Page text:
extremely full; crowded; jammed: a room chockablock with furniture and plants.
Chockablock is a nautical term describing the position of tackle when the blocks are drawn close together. From the sense of the blocks being pressed tightly together, chockablock develops the sense “extremely full, crowded.” Chock and block are clear enough: they are synonyms for a wedge or other solid, heavy mass for holding something steady. The only problem with chockablock is the –a-: it is likely a reduced form of and. Chockablock entered English at the end of the 18th century.
I have a steel engraving of the Old Harbor chockablock with ships ….
The lyrics and the video are chockablock with suburban Americana signifiers: lawns, pools, divorce.
speaking or expressed in a concise or terse style; using brevity of speech.
Breviloquent means “speaking in a concise style.” Breviloquent comes from the Latin adjective breviloquēns (inflectional stem breviloquent-), a compound of brevis “short” (inflectional stem brevi-) and loquēns, present participle of loquī “to speak.” Breviloquentia, “brevity of speech,” the noun derivative of breviloquēns, occurs only once—one time!—in all of Latin literature, in a private letter that Cicero wrote to his close childhood friend, Titus Pomponius Atticus. Breviloquent entered English in the 19th century.
On the contrary, nothing is more remarkable in the Paston correspondence than the extreme and business-like shortness of most of them. They seem to anticipate the breviloquent era of Sir Rowland Hill.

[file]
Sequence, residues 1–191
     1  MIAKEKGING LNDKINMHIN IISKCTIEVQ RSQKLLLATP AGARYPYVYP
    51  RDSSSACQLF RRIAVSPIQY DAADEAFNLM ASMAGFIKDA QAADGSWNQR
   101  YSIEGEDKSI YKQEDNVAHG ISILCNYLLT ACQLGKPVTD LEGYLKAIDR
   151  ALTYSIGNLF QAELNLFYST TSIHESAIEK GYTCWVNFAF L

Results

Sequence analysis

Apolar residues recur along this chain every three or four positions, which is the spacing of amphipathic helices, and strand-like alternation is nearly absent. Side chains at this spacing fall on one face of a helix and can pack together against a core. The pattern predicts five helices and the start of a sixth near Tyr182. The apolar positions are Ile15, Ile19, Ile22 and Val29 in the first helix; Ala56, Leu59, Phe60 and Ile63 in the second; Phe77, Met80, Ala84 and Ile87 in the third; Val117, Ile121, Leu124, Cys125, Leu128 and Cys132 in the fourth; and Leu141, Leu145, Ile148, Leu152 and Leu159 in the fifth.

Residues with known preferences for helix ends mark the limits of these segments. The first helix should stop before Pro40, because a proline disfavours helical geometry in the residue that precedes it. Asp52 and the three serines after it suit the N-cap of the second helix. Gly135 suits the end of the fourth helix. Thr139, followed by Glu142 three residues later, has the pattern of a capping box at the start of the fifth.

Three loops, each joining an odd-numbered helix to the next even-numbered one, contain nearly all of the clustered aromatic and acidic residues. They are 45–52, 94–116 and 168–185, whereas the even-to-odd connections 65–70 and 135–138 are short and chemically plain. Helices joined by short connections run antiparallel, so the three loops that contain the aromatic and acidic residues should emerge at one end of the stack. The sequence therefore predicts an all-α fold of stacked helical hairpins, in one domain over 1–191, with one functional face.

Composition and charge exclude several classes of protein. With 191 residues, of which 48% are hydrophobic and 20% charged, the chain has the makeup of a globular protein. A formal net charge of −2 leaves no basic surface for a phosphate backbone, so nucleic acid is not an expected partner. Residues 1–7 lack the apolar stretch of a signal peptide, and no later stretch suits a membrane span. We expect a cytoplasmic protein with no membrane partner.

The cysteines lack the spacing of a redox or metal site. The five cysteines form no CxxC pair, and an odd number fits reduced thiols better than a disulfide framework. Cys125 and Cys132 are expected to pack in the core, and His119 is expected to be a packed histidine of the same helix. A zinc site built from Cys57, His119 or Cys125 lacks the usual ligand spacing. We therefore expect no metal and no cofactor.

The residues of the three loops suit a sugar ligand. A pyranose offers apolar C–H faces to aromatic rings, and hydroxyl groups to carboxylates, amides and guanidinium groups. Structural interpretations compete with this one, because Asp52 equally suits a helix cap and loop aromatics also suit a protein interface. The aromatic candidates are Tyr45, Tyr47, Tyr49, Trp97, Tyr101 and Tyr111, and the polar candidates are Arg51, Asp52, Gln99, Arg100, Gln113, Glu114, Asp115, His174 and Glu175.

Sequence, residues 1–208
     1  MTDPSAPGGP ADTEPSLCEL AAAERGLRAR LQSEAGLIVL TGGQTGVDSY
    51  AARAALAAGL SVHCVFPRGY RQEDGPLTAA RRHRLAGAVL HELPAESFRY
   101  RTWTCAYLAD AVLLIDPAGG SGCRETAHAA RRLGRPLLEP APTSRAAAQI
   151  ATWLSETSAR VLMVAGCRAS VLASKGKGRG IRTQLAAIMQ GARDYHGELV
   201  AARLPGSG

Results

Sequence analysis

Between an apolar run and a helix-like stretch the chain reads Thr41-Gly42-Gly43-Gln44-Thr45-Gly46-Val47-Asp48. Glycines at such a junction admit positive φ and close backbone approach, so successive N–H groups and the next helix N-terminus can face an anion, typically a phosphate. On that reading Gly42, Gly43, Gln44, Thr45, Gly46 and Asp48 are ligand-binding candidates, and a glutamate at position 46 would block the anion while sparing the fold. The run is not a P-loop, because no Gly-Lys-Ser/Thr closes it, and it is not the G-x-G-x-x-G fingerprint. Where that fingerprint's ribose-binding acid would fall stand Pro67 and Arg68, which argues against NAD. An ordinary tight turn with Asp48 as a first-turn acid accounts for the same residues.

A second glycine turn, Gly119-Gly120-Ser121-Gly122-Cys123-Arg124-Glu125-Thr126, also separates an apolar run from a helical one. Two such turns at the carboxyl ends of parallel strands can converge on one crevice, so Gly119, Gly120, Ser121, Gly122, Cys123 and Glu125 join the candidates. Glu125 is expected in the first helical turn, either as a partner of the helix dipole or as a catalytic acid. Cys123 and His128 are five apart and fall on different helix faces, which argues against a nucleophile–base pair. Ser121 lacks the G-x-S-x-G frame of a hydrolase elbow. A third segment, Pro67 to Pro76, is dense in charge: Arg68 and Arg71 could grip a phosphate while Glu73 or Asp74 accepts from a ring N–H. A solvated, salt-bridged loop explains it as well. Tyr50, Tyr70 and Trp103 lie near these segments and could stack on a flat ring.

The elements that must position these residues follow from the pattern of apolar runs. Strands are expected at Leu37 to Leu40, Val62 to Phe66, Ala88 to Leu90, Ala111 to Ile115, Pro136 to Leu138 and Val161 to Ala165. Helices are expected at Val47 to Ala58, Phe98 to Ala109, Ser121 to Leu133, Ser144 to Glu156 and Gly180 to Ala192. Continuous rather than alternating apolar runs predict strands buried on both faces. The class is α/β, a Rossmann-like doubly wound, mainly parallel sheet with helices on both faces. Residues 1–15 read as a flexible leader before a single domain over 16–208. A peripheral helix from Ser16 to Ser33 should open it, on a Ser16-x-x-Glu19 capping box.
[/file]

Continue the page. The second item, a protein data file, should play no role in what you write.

Soft-spoken and breviloquent, Nokie Edwards’ gentle manner is contradicted by the quick, clean guitar licks that make him famous as a former member of surf-instro band The Ventures.
an answer or solution for all problems or difficulties: His economic philosophy is a good one, but he tries to use it as a panacea.
Panacea comes from Latin panacēa, which had the same meanings of the Greek original, panákeia “universal remedy; the name of a healing plant and its juice.” Panákeia is a compound of the Greek combining form pan– “all,” completely naturalized in English, and the adjective suffix –akḗs “healing,” a derivative ákos “cure, remedy.” The Greeks had a genius for personification, making, for instance, the common noun peithṓ “persuasion” into the goddess Peithṓ. So, too, with hygíeia “healthy state, good health” becoming the goddess Hygíeia, and panákeia, the goddess Panákeia. In fact the first sentence of the Hippocratic Oath (originally dating between the 5th and 3rd centuries b.c.) begins, “I swear by Apollo the physician and Asclepius and Hygeia and Panacea and all the gods and goddesses….” Panacea entered English in the mid-16th century.
That could help provide a financial lifeline for the difficult weeks ahead — but it isn’t a panacea ….
The panacea of a world state, on the contrary, is doomed to bitter disappointment. A political unification of the nations of the world is impossible while political questions divide mankind.
Get A Vocabulary Boost In Your Inbox